An open text for objective and projective poetics, making for a –meaningful – non-poetics of new poetry, to be undermined by a grotesque poetry that then becomes art.
A few doubts?
If this were art it would be like a “miracle”1, ahead of itself like a fuse… think “with the things as they exist”2. Resist “the lyrical interference of the ego”3. In an “emotional complex”4, in the instant, as in all his America. I took care, and the form it took. Sneezed; a drink helps. Four names, for one, equivalent.
1. Should begin, with the first, that is the end of progress as “Echoic”5 flourish. What else?
What further felicity?
2. You may try too hard or too little, equated as the above, dreamt, that is woken into a dream. To approach it, to have that as your practice, that’s the anti-figurative certified as figurative.
Its opposite would be art. As “radical art” is a “swerve”6 from “figurative certified as anti-figurative”6.
3. The movement, of poetry works: “phrase against phrase”6; “the HEART, by way of the BREATH, to the LINE”7; or “a matter of the energies of words”8.
There’s no sense of the poetic, having those three superposed upon syllables.
4. Music bore its “crisis”9 in a composition which involves every aspect of the material in a whole whose language cannot refer directly to life, without alienation of content and expression. Thus, it is neither narcissistically “infantile” nor “outdated”9, as the other arts are, but ripe for overcoming. So poetry need not be art, if written with noise, music’s meaningless antithesis, as its catalyst.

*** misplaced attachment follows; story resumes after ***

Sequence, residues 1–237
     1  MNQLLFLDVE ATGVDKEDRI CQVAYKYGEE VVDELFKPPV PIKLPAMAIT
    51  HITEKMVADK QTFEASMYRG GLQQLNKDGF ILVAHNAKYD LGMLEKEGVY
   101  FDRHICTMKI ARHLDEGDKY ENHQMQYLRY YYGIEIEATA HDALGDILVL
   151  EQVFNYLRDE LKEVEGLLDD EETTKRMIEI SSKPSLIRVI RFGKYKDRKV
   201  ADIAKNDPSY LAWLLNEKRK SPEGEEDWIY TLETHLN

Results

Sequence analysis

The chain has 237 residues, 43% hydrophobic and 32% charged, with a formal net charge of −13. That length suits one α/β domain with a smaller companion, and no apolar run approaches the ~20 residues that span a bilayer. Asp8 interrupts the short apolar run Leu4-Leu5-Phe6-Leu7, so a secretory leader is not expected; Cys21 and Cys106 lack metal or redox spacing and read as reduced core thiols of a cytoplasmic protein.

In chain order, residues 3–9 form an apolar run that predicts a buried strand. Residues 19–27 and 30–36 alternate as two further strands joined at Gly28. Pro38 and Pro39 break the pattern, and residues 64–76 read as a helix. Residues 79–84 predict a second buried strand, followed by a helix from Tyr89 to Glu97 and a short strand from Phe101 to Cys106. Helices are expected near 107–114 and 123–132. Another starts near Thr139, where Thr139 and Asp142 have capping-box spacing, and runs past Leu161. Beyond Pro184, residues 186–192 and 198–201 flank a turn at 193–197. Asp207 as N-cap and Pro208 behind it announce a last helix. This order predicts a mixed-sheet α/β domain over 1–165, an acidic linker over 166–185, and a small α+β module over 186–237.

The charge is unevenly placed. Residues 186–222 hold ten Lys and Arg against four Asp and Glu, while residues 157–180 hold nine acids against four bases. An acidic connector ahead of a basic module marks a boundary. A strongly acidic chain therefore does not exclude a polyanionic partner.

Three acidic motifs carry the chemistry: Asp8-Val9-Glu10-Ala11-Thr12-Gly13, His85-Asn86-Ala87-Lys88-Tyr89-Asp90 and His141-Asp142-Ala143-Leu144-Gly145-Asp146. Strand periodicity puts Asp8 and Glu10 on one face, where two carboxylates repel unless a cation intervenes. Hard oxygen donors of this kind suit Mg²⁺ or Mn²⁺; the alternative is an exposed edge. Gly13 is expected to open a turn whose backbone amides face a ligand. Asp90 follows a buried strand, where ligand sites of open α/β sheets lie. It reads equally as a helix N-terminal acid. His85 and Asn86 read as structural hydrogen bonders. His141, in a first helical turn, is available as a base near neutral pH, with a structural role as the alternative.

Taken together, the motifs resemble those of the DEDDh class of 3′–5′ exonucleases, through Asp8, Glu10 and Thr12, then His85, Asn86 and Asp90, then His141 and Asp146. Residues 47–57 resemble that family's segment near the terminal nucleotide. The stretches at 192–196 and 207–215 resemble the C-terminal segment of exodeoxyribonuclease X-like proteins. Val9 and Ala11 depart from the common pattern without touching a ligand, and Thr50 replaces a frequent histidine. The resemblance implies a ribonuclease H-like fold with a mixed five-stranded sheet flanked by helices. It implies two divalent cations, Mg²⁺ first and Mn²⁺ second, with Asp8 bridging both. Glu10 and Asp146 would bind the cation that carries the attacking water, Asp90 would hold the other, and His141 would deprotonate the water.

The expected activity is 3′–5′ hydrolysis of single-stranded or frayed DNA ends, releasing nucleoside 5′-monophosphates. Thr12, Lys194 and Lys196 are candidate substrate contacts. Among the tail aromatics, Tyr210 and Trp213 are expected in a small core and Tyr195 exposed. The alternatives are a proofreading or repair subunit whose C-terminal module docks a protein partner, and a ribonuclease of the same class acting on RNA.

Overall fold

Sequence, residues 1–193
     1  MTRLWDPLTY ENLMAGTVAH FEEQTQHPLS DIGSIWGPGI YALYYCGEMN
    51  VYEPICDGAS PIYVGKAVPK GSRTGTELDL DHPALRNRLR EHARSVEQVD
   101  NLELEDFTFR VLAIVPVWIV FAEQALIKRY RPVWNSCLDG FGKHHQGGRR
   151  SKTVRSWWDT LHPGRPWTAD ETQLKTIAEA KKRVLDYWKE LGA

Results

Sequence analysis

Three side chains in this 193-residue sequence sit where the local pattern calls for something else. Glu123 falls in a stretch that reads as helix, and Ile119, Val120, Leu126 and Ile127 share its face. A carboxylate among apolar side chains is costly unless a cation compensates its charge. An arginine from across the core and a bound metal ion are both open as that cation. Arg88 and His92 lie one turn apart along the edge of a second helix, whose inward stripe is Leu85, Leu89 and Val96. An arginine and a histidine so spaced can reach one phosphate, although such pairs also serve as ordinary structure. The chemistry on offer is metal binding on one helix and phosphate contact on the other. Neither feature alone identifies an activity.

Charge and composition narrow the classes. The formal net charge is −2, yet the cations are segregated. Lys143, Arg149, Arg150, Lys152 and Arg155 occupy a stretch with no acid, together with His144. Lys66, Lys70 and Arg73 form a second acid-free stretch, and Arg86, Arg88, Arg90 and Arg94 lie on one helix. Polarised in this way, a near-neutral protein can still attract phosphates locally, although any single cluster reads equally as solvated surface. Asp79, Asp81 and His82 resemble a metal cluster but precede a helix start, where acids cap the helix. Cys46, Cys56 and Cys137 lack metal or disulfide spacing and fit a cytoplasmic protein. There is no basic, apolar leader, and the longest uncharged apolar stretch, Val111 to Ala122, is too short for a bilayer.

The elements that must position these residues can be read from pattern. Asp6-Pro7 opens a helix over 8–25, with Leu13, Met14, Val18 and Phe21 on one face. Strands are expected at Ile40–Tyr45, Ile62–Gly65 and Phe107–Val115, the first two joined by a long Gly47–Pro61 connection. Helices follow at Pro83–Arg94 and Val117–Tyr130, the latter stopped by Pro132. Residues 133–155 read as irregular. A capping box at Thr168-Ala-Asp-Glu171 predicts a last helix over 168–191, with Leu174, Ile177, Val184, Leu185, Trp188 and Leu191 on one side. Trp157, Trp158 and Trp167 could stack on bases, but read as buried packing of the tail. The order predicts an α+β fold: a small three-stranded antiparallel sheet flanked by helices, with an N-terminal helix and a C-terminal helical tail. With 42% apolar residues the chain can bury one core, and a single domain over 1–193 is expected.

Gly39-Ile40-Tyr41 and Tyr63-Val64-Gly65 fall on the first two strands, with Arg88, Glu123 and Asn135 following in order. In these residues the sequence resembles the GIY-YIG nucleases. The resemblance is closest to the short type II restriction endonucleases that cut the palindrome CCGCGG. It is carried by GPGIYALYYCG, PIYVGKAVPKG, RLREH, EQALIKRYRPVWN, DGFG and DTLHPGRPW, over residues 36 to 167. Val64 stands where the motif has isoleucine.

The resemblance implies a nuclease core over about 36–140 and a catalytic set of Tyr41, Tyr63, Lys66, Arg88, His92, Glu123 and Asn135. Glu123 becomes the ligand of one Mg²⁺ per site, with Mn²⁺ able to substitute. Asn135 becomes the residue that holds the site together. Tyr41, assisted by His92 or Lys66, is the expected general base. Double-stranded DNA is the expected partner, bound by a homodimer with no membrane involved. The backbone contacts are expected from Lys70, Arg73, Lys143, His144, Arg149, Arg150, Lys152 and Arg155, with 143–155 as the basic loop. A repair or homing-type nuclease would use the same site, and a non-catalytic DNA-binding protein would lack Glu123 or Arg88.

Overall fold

Poets clarify “the temporal and eternal questions”10: verse is meaningless when embodying resolution. Thus, if a single detail bears the full dynamic and shifting weight of an Image, it enacts meaninglessness. So, if a juxtaposed element embodies its restless energy, while another does its energetic rest, then the poem’s phrasing is neither, is not musical, and, if wed instead to meaninglessness, closure, like noise!
Until used up!
1. Hilary Putnam on scientific anti-realism
2. Zukofsky in An Objective
3. Olson in Projective verse
4. Pound in A Few Don’ts by an Imagiste
5. Michael Palmer
6. Bernstein in Perfect Pitch
7. Olson in Projective Verse
8. Zukofsky to Monroe on the Objectivist movement
9. Debord in “Why Lettrism?”
10. Ibsen in The Task of the Poet